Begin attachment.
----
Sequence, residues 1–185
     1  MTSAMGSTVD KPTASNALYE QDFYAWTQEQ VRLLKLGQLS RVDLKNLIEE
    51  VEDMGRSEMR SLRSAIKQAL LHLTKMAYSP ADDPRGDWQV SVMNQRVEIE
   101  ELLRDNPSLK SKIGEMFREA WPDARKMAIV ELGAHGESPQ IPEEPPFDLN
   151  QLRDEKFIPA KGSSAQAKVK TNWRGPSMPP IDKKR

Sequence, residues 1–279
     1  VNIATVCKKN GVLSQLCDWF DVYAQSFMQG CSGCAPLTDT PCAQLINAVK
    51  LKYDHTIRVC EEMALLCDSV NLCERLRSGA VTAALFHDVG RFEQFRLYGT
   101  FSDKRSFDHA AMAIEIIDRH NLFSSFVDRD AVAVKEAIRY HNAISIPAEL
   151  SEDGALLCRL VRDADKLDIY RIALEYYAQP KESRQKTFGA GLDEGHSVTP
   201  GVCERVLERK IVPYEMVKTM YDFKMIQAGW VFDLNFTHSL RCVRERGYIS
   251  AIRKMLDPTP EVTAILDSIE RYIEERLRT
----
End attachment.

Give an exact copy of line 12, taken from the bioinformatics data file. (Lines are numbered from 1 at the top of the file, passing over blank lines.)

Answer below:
   251  AIRKMLDPTP EVTAILDSIE RYIEERLRT